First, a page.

Greensboro develops plan to curb teen violence

This is an archived article and the information in the article may be outdated. Please look at the time stamp on the story to see when it was last updated.

GREENSBORO, N.C. -- After months of community discussions about curbing teen violence downtown during the summer, city leaders have come up with a plan to keep teens off the streets and more active.

"We certainly don't want fighting, we don't want violence," said Susan Feit, executive director of the National Conference for Community and Justice of the Piedmont Triad.

Downtown Greensboro became a hot spot for teen violence last summer.

"I don't believe in bad kids," Feit said. "I don't believe in bad people."

But Feit does believe that to avoid a repeat of last summer's violence, teens in Greensboro need more.

"Is there something meaningful for them to do," Feit asked.

It's a question city leaders have been asking themselves and, after more than a dozen community discussions, have found the answer to.

"Everything from recreational to resource information to job skills information, we're working towards providing those things," said Chris Wilson, interim assistant city manager.

The city has developed a three-point plan to keep teens more active, developing programs that include arts and crafts, science skills and fitness. They're also working on ways to get the word out about the programs and improving transportation to give teenagers better access to them.

"The intent here is to provide something that allows teens to be engaged in a positive way," Wilson said.

A plan Feit thinks will work alongside mentorships and getting feedback from teens themselves.

"Are they going to be defined as the problem or are they going to be defined and used as part of the solution," Feit asked.

City officials say the new programs should be enacted by spring 2014.


  • Cripes A Mighty

    While Ms. Fiet may not believe in bad people, I do! I believe that some kids for a variety of reasons (such as horrible parents), grow up to be nothing more than criminals. I have no sympathy for criminals who prey on innocent people, each other, and the most vulnerable in our society. If you are old enough to commit a violent crime, you are old enough to pay the price.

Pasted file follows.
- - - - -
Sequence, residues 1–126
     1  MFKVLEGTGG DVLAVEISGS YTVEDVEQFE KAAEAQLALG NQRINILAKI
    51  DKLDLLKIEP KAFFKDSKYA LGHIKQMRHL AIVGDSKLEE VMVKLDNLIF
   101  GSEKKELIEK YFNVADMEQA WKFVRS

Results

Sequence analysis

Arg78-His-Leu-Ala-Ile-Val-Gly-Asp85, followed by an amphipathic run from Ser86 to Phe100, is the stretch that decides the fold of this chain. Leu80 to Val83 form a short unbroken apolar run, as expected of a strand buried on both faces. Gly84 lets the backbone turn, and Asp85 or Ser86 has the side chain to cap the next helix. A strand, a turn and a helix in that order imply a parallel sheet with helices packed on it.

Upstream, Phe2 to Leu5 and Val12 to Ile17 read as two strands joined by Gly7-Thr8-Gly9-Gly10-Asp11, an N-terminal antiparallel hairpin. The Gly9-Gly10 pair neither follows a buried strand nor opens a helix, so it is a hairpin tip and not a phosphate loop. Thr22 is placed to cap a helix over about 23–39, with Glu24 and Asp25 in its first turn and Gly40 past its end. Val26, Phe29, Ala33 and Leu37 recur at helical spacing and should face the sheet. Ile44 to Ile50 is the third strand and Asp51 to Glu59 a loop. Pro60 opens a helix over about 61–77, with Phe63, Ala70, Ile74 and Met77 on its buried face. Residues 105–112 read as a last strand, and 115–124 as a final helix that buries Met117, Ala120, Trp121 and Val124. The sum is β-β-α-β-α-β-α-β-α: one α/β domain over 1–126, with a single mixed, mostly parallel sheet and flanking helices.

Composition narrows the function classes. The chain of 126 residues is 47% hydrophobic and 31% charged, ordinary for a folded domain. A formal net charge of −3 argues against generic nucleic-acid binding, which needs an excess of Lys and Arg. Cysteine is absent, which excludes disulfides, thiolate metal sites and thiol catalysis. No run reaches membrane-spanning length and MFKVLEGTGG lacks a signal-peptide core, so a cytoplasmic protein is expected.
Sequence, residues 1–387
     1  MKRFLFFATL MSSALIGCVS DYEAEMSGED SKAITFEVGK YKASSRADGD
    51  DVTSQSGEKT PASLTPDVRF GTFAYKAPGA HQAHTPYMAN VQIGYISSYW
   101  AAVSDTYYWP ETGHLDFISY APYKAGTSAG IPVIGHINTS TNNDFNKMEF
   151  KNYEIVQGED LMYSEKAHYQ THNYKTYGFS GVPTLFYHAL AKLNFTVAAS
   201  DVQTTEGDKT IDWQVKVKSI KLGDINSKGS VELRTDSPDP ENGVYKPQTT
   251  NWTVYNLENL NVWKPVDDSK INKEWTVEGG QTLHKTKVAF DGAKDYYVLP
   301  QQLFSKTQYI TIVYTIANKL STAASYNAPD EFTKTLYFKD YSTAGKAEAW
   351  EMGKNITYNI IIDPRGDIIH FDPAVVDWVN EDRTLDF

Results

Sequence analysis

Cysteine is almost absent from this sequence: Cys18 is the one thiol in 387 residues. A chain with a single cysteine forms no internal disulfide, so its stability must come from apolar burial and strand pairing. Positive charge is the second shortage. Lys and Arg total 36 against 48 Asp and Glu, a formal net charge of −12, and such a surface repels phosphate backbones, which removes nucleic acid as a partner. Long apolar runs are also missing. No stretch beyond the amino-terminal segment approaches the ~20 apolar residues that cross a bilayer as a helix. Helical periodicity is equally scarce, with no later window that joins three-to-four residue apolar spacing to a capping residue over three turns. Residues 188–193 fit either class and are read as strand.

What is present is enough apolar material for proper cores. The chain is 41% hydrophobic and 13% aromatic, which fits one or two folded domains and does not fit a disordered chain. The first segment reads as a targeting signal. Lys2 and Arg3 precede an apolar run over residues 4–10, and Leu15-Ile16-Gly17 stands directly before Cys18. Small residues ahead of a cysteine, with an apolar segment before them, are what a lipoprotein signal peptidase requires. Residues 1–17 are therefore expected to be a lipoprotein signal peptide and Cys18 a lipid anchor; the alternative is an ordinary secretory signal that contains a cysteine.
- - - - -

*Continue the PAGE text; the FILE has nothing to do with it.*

We should throw the thugs in prison and let them rot there until the end of their lives. Prisons too full? Cut some corporate welfare, build larger prisons all over the state, and get rid of plea bargains and parole.

    That is the only way to safeguard our community. Until that day comes, get a licensed pistol permit, CCW license, and responsibly carry each and every time you leave your home.

  • jliles1205

    The city has developed a three-point plan to keep teens more active, developing programs that include arts and crafts, science skills and fitness. They’re also working on ways to get the word out about the programs and improving transportation to give teenagers better access to them.
    “The intent here is to provide something that allows teens to be engaged in a positive way,” Wilson said.

    These people live in a vacuum-
    the thugs who prowl downtown looking for violent conflict can’t read a street sign much less care about “arts and crafts, science skills and fitness”. The only thing they respect is a strong police presence, and the knowledge that any one of those law abiding citizens enjoying the benefits of their tax funded facilities may be armed.

  • FaithC

    I agree with all of the above. Conceal carry permit and arm yourself.

    Ms. Feit may say she does not believe in bad kids, so how about she walk around downtown and some of the sides street late at night. See how much she believes then.